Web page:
Learning to read these kinds of texts from an alert “literary” perspective is a skill that we can also bring to bear on non-literary texts.  Most kinds of discourse make extensive use of “literary” sorts of strategies, deploying not just narrative structures, but features such as imagery, allegory, tone and other elements typical of literary texts to help them achieve their rhetorical purposes.  Indeed, it is rare that scientific expertise proves to be the sole determining factor even for decision-making about what one might see as scientific issues—the realities of global warming, for instance, or the decision to protect or not protect an endangered species, or the choice to approve (or not) a specific chemical or medication for wide-spread use.  It is even rarer for politicians or bureaucrats or activists to refrain from the slanting of perspective that rhetoric can provide (thus the not-so-distant renaming of global warming as “climate change”).  So the analysis we will practice in this class is in an important way transferable to the reading and the writing you may do in very different contexts.

Comparative Literature 210/CHID 220 will be a writing-intensive course, but in a class as large as this one, much of the writing will necessarily be informal, low-stakes, ungraded writing.  You will be writing in your e-journal on a regular basis for every class.  That writing will provide me with one key measure of your engagement in the course and your active reading of the texts we will be covering.  For this informal writing, PLEASE SET UP A WORD DOCUMENT AS YOUR VIRTUAL JOURNAL, TITLED WITH A FILE NAME LIKE THIS: Your name.your course number (thus: handwerk.cl210, jsshen.chid220), which you will be asked to submit via e-mail, NOT on Canvas, on a regular basis throughout the quarter.  Although you will be doing your response writing both inside and outside of class at varied times, you MUST cut-and-paste every entry into your e-journal.  You will also be doing: 1) a series of three longer, graded analytical essays, and 2) a fourth response essay on Refuge, and 3) a final ungraded self-reflective essay about your experience in the course.  You have the option to revise and resubmit one of your first three analytical essays.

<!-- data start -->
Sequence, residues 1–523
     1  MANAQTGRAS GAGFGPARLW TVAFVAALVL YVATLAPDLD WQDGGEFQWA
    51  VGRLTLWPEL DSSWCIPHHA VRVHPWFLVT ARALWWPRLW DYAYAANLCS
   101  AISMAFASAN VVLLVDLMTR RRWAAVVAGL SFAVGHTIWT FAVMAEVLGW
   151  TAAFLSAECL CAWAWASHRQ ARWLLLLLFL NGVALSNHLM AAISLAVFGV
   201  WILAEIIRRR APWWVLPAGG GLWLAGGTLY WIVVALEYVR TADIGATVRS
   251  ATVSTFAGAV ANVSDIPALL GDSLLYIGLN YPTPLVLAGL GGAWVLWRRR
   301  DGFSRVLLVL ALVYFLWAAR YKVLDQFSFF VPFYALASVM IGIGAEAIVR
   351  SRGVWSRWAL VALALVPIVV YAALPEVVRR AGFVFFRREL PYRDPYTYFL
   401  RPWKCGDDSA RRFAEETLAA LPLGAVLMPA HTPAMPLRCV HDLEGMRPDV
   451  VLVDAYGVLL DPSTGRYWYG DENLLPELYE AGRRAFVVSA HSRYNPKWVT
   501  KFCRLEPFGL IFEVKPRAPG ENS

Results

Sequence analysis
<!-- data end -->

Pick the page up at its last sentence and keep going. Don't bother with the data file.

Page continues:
COVID-19 Addendum: All that I say above in general terms has special salience in the year of COVID-19.  We have all seen first-hand how science, psychology, economics, human behavior and politics intersect…not always to the benefit of any of them.  The texts and assignments in this course, revised in some significant ways to reflect the hybrid format and the current situation, can all help us learn practice making connections across these disparate spheres of life—to com-pose (put together) our lives.  This, in turn, is a key piece of coping with the rapidly shifting, deeply uncertain world we now inhabit.

Course Texts:

Rachel Carson, Silent Spring                                     Spencer Weart, The Discovery of Global Warming

Devra Davis, When Smoke Ran Like Water               Terry Tempest Williams, Refuge

Additional Course Readings available on Canvas Web site (in the Files section, organized by folders according to author or topic name, and in the Modules)

Graded Work:

            Analytical essays (3): single-spaced,, minimal margins       20% each; 60% of final grade

            Attendance, participation, in-class writing, Refuge essay      20% of final grade

            Journal/Self-reflective essay                                                  20% of final grade

Journals: The writing journals will include two kinds of informal, ungraded writing.  Pre-class e-posts will primarily be responses to question prompts on the reading we will be covering for the next class, or involve modest on-line research on a related topic.  The in-class writing will be more personal in nature, reflective about your own past experiences with science and science education, your understanding of and experience with nature, or texts and topics from that specific day’s class.